(Hon. (Ms.) Soipan Tuya): The Member for Teso North, Hon. Kaunya, you have the Floor.
Thank you, Hon. Temporary Deputy Speaker, for giving me this chance to support this Bill. I belong to this Committee. The focus in this Bill as the Chairman indicated in his opening remarks is to enhance the sentences or penalties for offences. Our biggest problem in fighting drug trafficking in Kenya has been on the side of enforcement and the part of dealing with the traffickers. This Bill is addressing those critical areas. The electronic version of the Official Hansard Report is for information purposesonly. A certified version of this Report can be obtained from the Hansard Editor.
I want to state that the Bill will help enhance enforcement especially in affected areas where drugs pass. My constituency, Teso North, borders Malaba. There is a lot of drug trafficking across as well as other substances. For example, cannabis or marijuana is allowed in Uganda. It is not illegal to grow it. It is also not illegal to consume and a number of people around the border fall victim. The youth get affected by this trafficking across the border because on the other side, it is open and it is not illegal. When it comes to strengthening the enforcement, Clause 17(a) on enforcement officers and public officers who collude with criminals is very important. For example, at the coast, a number of vessels that come in with drugs, come in even when there are enforcement officers around. We have the police officers, the immigration officers and the customs officers at our borders. So, how it comes in and goes out raises questions as to their commitment. Sometimes they either get compromised or they collude. So, this clause provides for punishment for an officer who colludes or conceals an offence in regards to this Act. They will be fined Ksh20 million or imprisonment for not less than 20 years. That heavy punishment itself will be a big deterrent.
There is the issue of the owner, the landlord or an occupier of a house being accountable which comes in Clause 5(a). The owners of houses will be held to account to ensure they keep a register and they exercise due diligence for the tenants they have. Some tenants who convert houses into laboratories to manufacture some of these drugs will be dealt with within this particular clause. You will note that in our country most of the crimes, especially serious crimes like terrorism and drug trafficking, it becomes very difficult to trace and deal with because the landlords do not keep a register of their tenants. That is why this clause making the landlords accountable is also important even in other sections of our law like when we are developing the Nyumba Kumi Act. It will ensure the landlords are aware and they are accountable to the people they keep in their places. When tenants commit crimes, the landlords should report and if they fail to report, there is a fine and imprisonment that is prescribed.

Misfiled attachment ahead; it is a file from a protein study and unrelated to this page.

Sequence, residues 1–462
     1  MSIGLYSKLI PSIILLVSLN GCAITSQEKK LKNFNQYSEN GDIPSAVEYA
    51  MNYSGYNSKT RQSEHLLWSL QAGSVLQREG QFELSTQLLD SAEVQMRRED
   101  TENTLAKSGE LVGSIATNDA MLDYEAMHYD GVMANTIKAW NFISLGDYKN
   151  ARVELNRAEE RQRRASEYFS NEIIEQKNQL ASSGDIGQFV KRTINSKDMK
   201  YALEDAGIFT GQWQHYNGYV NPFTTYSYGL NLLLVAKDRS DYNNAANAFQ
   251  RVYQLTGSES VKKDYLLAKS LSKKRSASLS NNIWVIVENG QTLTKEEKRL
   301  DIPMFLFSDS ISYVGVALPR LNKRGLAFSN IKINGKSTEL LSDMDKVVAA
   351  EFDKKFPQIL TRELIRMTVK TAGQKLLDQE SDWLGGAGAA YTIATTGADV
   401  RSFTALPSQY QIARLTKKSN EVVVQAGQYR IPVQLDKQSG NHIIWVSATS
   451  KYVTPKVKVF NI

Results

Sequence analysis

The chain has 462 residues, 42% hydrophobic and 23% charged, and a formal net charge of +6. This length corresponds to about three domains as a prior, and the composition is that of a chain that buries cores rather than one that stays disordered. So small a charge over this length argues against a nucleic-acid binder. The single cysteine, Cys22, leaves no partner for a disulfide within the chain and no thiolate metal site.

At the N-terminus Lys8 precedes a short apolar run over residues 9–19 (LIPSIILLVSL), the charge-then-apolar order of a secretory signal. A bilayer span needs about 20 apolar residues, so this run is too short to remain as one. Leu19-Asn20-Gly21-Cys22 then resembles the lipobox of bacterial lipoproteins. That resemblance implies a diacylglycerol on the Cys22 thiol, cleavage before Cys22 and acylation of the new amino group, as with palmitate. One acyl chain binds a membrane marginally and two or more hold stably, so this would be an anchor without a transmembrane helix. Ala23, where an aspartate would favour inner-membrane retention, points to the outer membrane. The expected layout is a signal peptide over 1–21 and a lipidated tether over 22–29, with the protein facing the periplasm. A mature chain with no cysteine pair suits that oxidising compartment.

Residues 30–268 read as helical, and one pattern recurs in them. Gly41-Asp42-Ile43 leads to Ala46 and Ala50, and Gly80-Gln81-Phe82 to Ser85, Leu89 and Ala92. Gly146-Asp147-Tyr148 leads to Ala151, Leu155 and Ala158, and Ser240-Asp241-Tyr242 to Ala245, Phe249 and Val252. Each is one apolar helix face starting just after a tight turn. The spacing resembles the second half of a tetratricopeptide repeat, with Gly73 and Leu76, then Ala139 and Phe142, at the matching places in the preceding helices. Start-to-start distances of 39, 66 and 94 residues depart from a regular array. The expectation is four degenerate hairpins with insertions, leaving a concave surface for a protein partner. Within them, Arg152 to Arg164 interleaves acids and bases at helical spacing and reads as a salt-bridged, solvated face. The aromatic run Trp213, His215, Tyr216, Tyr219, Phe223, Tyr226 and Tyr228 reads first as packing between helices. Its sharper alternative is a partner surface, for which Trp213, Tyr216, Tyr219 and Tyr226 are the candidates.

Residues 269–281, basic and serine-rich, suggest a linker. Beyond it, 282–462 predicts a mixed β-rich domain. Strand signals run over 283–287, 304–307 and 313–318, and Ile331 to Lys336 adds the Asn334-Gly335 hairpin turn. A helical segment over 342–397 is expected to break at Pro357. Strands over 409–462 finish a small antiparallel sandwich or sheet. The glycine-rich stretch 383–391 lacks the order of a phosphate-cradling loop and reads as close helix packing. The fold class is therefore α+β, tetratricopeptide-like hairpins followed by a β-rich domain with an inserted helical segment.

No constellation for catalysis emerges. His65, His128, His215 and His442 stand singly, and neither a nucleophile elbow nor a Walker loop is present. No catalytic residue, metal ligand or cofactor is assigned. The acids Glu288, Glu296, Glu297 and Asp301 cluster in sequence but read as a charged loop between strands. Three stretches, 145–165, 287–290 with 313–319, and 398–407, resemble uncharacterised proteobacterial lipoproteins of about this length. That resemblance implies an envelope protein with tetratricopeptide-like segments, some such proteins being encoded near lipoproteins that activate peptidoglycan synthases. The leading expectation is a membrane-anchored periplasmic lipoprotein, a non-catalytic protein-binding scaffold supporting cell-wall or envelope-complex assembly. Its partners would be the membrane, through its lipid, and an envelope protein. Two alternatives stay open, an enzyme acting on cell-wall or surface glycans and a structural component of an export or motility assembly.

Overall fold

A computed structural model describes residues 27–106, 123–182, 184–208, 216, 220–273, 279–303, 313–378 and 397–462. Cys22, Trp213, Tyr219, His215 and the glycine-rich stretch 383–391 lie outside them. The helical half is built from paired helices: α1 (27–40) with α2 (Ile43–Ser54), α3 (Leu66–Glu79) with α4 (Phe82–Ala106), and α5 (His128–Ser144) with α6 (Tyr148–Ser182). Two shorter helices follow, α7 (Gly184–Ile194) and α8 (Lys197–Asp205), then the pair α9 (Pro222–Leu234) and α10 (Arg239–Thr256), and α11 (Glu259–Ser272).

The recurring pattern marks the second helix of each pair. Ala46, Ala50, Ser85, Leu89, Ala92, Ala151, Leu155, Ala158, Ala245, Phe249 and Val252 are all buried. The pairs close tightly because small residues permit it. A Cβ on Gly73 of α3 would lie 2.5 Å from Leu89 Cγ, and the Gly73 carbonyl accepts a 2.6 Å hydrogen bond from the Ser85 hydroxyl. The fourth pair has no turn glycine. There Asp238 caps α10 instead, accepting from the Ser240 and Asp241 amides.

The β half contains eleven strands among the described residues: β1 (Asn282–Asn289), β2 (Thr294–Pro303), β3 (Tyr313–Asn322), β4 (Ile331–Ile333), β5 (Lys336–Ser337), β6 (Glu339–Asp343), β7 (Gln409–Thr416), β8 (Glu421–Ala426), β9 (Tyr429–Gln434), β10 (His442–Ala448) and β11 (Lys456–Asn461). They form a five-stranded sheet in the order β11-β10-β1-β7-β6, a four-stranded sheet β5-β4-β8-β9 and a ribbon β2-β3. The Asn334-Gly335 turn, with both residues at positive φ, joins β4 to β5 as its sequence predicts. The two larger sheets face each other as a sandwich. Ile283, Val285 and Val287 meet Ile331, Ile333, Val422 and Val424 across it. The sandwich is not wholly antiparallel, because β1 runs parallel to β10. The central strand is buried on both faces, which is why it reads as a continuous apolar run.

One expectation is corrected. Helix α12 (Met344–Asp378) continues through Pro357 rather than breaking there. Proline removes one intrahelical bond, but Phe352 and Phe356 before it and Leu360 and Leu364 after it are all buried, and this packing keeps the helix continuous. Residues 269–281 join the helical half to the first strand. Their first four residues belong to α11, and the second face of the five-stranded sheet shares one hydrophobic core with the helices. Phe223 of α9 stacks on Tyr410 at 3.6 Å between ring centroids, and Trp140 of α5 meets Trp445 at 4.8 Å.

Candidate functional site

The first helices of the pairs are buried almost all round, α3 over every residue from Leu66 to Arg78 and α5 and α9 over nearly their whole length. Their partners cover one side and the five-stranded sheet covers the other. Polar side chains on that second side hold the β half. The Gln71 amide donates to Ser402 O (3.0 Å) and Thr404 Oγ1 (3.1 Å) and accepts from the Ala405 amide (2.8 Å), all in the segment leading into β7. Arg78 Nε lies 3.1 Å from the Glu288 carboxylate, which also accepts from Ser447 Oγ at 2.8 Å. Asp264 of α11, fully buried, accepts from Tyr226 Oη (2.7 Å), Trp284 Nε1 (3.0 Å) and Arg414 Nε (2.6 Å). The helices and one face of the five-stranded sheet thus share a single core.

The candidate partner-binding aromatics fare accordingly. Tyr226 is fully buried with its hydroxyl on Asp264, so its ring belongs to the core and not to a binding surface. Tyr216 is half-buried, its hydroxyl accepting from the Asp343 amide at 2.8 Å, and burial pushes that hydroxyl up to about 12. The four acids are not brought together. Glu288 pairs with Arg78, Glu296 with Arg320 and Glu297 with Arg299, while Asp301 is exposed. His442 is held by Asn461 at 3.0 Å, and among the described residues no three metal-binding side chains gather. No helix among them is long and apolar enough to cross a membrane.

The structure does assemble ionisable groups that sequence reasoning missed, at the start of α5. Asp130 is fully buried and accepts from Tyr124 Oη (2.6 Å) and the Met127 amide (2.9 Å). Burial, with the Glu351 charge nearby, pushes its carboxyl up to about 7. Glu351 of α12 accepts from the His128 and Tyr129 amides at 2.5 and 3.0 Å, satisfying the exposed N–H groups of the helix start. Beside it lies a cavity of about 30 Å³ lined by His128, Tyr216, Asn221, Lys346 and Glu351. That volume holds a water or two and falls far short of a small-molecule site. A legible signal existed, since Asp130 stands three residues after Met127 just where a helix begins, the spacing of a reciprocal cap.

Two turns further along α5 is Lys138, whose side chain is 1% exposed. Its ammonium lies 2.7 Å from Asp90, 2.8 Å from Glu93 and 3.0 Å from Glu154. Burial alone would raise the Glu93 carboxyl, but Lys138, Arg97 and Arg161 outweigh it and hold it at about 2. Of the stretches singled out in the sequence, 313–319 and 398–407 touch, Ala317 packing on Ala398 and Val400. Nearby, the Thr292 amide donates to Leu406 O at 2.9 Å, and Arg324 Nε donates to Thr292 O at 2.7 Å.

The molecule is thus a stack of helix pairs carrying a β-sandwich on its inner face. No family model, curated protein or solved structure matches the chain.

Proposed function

Hon. Temporary Deputy Speaker, I support the Bill and urge Members to really support the Committee to have this Bill fast tracked so that we start dealing with these criminals who have actually messed our youth and the country through drug trafficking and drug sales. Thank you, Hon. Temporary Deputy Speaker. I support.
(Hon. (Ms.) Soipan Tuya): Next is the Member for Navakholo, Hon. Wangwe.
Thank you, Hon. Temporary Deputy Speaker. At the outset, allow me to associate myself with this Bill and thank the Departmental Committee on Administration and National Security for the good work it has done, which is very timely. Looking at the way the honourable Member for Nyali has presented his case, especially looking at his other life before coming to the House, being Jicho Pevu, a programme he ran that really made us get to know exactly what happens behind the scenes… The way he has presented the case makes me feel that he has a lot of knowledge on what is happening. He has a lot of exposure behind the scenes, and it makes me feel this Bill is coming at the right time.
The Bill prescribes the various penalties related to the offences in possession and trafficking narcotics and psychotropic substances. The large interpretation of this is that now the police will not go for the small fish. It is obvious that when you walk into my farm, you are going to see marijuana or cannabis sativa planted on the farm. However, now what is happening is they are allowing the police to really go deeper to any possession of the substance and the traffickers of the substance who are the big boys in this game. The value chain is not that small boy you see on the road who has sniffed some stuff. The big fish in this game is that person who sits in a bigger home somewhere planning how to bring his unga, as they call it, all the way from wherever it is The electronic version of the Official Hansard Report is for information purposesonly. A certified version of this Report can be obtained from the Hansard Editor.